number of co-resident family members for the child's household and for the parent's household (specified as dummy variables for 1, 2, 3, 4, and 5 or more family members, respectively), and the gender of child. For children whose parents are both alive and divorced, we used the father's data, but
controlled for whether the parents are alive and divorced in the model. The estimating regression is thus:
Estimates are calculated for two measures: total spending measured in the 1999, 2001, and 2003 PSID (, and total spending that includes the amount imputed because it is not assessed in the PSID (. Table 4 reports estimates for the former, but estimates of the latter are very similar (available on request).
The literature on the estimation of intergenerational correlations suggests that estimates of the relevant parameter,, might be biased downwards because of measurement error and transitory factors (Solon, 1992). To address that concern, we also estimate regressions in which parental expenditure, , is measured as the average over three waves (1999, 2001, and 2003).
The intergenerational elasticity in for a single year ranges from 0.25 to 0.27, which is similar to the single-year elasticity in earnings (Solon, 1992). Averaging over multiple years increases the correlation to 0.32 to 0.34, or as much as nine percentage points, which is similar in magnitude to the increase in intergenerational correlation in earnings when averaging is used (Solon, 1992).67
An alternative approach is to estimate the probability that adult children fall into various percentiles in the expenditure distribution among adult children given one's parent's place in the parental consumption distribution. For the sample of children and parents in each year, spending is regressed on age (specified as a cubic) and family size (specified as dummy variables as in equation 1). The residuals from this regression are ranked and children are identified as falling into one of the age- and family-size adjusted spending quartiles among adult children. The same procedure is conducted to find the parent's place within the parental spending distribution. A cross-tabulation of the quartiles in which children belong and the quartile in which the parent belongs provides estimates of quartile-specific mobility.
Results are presented in Table 5, where the residuals for the three years are first averaged for each family and then ranked. Among children whose parents are in the top quartile, 42.6 percent are themselves in the top quartile. At the other end of the distribution, among children whose parents are in the lowest quartile, 36.3 percent are themselves in the lowest quartile. Furthermore, the degree of upward and downward mobility is similar; while 15.4 percent of children with the lowest-spending parents are in the highest quartile, 10.7 percent of the children with the highest-spending parents are in the lowest quartile. In sum, it is unlikely that the position in the consumption distribution of a family in one generation will depart dramatically from what prevailed for that family in the preceding generation. The likelihood that families move across generations from the highest to the lowest levels of consumption is especially low.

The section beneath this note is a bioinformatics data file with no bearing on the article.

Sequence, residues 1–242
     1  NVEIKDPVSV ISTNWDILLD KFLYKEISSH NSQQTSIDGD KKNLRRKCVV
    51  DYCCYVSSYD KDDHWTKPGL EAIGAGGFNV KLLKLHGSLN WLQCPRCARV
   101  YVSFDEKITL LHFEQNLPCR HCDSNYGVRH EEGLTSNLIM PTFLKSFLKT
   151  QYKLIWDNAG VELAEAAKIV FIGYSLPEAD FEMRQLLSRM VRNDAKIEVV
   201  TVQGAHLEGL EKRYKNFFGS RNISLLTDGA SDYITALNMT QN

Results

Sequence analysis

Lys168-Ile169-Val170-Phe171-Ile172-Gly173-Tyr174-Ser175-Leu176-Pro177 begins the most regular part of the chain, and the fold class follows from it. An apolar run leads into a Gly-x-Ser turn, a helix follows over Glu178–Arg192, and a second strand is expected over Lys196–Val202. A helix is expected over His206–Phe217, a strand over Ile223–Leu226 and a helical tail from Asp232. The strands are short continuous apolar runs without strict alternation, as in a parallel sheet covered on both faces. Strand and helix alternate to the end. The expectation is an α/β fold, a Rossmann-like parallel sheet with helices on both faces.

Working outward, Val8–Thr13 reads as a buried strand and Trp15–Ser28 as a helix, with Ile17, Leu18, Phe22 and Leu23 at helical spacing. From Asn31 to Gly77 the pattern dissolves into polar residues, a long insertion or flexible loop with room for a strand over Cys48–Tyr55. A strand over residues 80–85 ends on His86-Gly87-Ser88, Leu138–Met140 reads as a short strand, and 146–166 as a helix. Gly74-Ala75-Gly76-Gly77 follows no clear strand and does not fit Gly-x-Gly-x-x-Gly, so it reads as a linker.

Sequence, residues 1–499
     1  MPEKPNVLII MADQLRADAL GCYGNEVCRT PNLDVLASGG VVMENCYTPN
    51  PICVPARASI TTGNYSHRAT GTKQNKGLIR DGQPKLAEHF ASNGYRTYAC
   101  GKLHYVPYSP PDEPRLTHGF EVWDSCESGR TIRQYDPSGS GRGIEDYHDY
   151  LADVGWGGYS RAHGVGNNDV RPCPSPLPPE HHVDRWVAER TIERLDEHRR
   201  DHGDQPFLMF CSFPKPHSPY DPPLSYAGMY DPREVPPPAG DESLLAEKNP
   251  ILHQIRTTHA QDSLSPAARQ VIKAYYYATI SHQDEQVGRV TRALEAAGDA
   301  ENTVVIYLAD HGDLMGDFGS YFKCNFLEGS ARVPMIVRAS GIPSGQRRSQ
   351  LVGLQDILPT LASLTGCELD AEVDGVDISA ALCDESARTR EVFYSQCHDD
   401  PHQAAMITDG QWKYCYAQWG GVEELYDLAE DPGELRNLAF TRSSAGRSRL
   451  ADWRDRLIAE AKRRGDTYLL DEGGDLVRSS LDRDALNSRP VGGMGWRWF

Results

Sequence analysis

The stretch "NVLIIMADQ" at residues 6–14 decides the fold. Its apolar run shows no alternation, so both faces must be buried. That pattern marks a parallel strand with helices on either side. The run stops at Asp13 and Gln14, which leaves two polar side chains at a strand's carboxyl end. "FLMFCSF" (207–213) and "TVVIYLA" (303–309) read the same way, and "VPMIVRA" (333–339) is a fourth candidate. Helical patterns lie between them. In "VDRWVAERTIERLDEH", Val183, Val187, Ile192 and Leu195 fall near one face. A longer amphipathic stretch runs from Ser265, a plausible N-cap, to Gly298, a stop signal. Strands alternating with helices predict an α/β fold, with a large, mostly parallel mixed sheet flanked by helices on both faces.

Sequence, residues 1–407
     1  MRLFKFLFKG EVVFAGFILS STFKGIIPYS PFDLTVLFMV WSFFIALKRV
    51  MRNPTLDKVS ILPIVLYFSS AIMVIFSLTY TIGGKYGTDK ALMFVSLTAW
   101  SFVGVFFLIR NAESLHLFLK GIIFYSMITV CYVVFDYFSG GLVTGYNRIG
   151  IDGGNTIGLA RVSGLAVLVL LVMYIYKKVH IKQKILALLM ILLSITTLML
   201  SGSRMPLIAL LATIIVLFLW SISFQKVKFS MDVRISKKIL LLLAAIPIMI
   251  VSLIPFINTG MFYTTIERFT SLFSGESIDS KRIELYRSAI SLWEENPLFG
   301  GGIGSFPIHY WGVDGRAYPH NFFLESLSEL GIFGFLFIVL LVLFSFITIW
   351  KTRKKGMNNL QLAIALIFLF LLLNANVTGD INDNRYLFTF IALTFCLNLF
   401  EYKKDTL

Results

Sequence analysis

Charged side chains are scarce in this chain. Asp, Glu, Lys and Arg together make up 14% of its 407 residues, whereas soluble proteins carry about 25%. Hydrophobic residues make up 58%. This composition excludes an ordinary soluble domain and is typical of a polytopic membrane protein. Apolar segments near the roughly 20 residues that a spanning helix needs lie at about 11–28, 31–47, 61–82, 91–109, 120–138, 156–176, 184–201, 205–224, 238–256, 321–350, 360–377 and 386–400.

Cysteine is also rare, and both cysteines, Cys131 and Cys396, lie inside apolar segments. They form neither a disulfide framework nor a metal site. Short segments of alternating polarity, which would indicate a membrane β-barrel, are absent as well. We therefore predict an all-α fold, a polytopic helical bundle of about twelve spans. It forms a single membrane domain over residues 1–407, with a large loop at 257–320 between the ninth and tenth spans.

V. SUMMARY AND DISCUSSION
We have demonstrated that estimates of expenditures in most broad categories align closely in the PSID and CE despite substantial differences in their instruments and design features. We also found that cross-sectional life-cycle consumption profiles are similar in the two surveys, both for total consumption and most of its major components. Because the PSID expanded the set of consumption expenditure questions in 1999, it now provides a fairly accurate picture of most household consumption expenditure and is thus an even more useful resource for studying consumption. For example, combined with the PSID's detailed income data, estimates of the effect of income on expenditures can now be derived for a variety of expenditure categories. If the additional questions introduced in the 2005 wave are as successful, future waves will contain a nearly complete assessment of total expenditures. Given the PSID's unique design features, several new areas of scientific exploration can be addressed using these data.
Although the PSID can be used to study questions that cannot be addressed with other data sources, such as intergenerational consumption patterns, the PSID cannot replace the CE, which has far greater detail on expenditures. Moreover, the CE collects data on a continuous quarterly basis, allowing more accurate assessment of year-to-year changes in expenditures. Finally, because the CE has collected comprehensive expenditure data for over two decades, long-term trends can only be analyzed with the CE.
To illustrate the unique promise of the new PSID expenditure data, we estimate the magnitude of the intergenerational elasticity in consumption expenditure and find it to be 0.32-0.34. This estimate is of comparable magnitude to estimates for intergenerational elasticities in wealth of 0.37 (Charles and Hurst, 2003) and income of 0.40 (Solon, 1992). With the richer set of expenditure data, analyses such as Mulligan (1997), which attempt to understand the relationship between the intergenerational transmission in earnings, income, wealth, consumption, and even health can be more fully explored.